In terms of policy expectations, they expect interest rates on hold for the foreseeable future. There are only risks of a cut, which would be effective in weakening EUR. However, they think EUR/USD would still need to be closer to 1.20 before the ECB sees it as restrictively strong and acts in that regard. They still foresee a higher tiering multiplier, but expect the ECB to wait until more of the PEPP has been implemented (or a rate cut does materialise). A rate cut, if seen, may also require a tweak in the TLTRO modalities to limit the potential downside. On the once-unthinkable and now life-is-unthinkable-without-them Asset Purchase Programmes, they expect no changes or PEPP just yet, but still call for an extension of PEPP to end-2021 in December, paired with a EUR ~250bn increase in the envelope.  

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In short, Europe is seemingly heading for a very difficult winter on multiple fronts: and the ECB is not going to be providing much light or heat, just the usual acronyms. The EU’s fiscal-Rubicon-crossing virus spending measures might even need review, one might imagine, before the ink is dry on the document and a single Euro flows out.

Similar sentiments of course apply to Japan, where retail sales dipped 0.1% m/m in September vs. a projected 1.0% rise and are still -8.7% y/y, but where the BOJ did nothing new at its monthly meeting. Apart from raising its forecast for growth next year to 3.6% to 3.3% y/y.

Meanwhile in US news, the opinion polls are still saying whatever *you* want them to, to a quite tragicomic degree – but somebody is going to be tragically wrong, however, and soon; new Supreme Court rulings mean we could indeed have a post-election delay for late-arriving ballots in a few key states after all – or that mail in votes in Pennsylvania could be discarded after Election Day; Tech CEOs testified to Congress again over the contentious Section 230 issue, which included Mark Zuckerberg having to delay because he couldn’t get a decent Wi-Fi Signal(!), and the Twitter CEO’s view being that if they don’t like his communication channel, all 300m users can always use alternatives to get their political messages out; that as Fox News’ Tucker Carlson claimed on TV that important Biden-related documents sent to him by a courier service simply disappeared – a story which, like so many others recently, it is equally worrying if it is or isn’t true.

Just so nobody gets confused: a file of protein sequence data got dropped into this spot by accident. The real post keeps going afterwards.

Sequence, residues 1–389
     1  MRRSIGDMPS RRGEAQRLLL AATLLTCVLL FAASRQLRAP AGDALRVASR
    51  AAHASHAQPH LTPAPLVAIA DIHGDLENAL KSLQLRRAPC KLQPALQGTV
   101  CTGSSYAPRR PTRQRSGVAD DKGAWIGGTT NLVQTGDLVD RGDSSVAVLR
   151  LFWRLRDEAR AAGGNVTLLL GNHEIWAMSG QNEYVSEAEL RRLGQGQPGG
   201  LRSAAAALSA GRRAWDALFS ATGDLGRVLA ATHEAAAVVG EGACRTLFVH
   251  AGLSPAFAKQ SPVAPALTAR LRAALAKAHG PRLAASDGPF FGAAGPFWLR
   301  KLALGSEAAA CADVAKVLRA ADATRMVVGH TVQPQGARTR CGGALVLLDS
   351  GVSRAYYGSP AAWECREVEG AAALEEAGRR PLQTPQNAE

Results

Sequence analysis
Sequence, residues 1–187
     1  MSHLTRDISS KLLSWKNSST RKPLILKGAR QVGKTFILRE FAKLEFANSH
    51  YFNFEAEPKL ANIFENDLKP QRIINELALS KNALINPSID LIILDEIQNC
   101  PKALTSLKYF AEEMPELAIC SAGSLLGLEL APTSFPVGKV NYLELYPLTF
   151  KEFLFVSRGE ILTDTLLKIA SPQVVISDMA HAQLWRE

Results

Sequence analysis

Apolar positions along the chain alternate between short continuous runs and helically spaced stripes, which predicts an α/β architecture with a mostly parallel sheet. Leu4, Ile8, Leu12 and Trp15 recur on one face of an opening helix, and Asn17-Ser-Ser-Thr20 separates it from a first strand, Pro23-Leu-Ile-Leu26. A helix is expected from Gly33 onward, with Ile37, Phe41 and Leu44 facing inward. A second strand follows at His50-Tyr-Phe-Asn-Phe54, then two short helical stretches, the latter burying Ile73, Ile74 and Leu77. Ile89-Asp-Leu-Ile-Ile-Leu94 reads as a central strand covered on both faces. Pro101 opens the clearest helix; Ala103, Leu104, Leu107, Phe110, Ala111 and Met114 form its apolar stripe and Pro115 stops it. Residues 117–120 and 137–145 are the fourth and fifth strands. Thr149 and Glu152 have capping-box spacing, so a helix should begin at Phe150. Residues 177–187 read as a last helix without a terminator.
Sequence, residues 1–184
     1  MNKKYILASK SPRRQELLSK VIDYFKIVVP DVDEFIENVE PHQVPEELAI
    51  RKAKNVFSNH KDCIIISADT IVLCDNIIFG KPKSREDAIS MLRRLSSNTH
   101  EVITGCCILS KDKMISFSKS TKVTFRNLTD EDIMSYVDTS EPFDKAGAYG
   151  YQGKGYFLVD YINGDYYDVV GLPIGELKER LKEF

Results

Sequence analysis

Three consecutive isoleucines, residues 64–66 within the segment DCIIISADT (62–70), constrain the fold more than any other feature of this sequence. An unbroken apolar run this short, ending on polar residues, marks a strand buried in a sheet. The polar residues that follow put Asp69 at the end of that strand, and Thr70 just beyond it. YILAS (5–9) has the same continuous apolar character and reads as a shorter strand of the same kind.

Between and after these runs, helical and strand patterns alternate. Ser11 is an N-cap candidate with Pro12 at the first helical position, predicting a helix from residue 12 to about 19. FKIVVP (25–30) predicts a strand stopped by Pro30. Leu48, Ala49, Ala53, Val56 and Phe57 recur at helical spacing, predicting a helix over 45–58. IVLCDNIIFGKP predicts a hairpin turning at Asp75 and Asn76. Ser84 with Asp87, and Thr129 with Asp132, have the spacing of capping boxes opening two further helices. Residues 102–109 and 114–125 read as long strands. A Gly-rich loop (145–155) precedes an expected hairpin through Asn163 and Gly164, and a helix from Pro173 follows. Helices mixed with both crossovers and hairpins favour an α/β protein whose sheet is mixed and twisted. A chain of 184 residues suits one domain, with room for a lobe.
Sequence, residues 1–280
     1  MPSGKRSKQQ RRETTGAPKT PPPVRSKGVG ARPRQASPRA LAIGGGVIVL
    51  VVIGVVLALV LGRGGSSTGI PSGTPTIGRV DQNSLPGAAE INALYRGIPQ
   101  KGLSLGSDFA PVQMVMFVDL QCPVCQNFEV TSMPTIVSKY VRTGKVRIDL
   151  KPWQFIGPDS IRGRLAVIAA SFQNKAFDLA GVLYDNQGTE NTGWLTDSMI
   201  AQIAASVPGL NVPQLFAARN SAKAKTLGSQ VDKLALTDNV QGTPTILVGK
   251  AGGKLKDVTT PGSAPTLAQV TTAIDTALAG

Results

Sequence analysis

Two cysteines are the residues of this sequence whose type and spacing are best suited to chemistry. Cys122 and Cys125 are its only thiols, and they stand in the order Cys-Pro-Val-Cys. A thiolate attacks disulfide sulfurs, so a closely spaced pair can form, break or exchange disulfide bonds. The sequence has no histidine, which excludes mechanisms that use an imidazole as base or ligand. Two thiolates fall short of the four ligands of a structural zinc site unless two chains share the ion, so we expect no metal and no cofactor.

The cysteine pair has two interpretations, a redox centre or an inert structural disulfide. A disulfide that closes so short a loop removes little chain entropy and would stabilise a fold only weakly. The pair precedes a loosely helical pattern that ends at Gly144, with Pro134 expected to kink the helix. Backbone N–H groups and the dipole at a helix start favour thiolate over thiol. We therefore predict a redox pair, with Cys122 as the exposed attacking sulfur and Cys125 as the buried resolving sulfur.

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And regardless of the election, some things don’t seem to change in the US. The Senate has seen a bill introduced “that would prohibit malign Chinese companies — including the parent, subsidiary, affiliate, or a controlling entity — that are listed on the US Department of Commerce Entity List or the US Department of Defence list of Communist Chinese military companies from accessing US capital markets.” It would prohibit such firms listing and trading on a US securities exchange; the use of federal funds to deal with such entities; all investments by insurance companies in them; all IRAs from investing in them; and remove the tax-exempt status for qualified trusts that invest in them. Notably, there is still no reference to stopping US capital flowing into Chinese bonds or Chinese government bonds, but given that a share of public spending in every country goes into the military that this bill rails against, one wonders how long until that loophole is also closed.

Something else for markets not to worry about, no doubt, until the blindingly obvious –like the fact that this Covid second wave would happen in DM too– suddenly looms ahead ad ski-trips have to be postponed.

Via Zerohedge